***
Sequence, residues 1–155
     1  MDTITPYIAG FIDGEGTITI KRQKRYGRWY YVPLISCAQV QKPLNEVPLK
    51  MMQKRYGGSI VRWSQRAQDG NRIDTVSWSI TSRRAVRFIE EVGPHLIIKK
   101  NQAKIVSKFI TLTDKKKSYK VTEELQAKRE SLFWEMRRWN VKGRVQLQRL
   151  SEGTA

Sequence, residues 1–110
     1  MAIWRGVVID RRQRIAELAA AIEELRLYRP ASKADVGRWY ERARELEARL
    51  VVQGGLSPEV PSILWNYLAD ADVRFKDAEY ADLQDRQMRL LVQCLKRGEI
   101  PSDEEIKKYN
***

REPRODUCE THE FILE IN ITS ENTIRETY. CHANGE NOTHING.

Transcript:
Sequence, residues 1–155
     1  MDTITPYIAG FIDGEGTITI KRQKRYGRWY YVPLISCAQV QKPLNEVPLK
    51  MMQKRYGGSI VRWSQRAQDG NRIDTVSWSI TSRRAVRFIE EVGPHLIIKK
   101  NQAKIVSKFI TLTDKKKSYK VTEELQAKRE SLFWEMRRWN VKGRVQLQRL
   151  SEGTA

Sequence, residues 1–110
     1  MAIWRGVVID RRQRIAELAA AIEELRLYRP ASKADVGRWY ERARELEARL
    51  VVQGGLSPEV PSILWNYLAD ADVRFKDAEY ADLQDRQMRL LVQCLKRGEI
   101  PSDEEIKKYN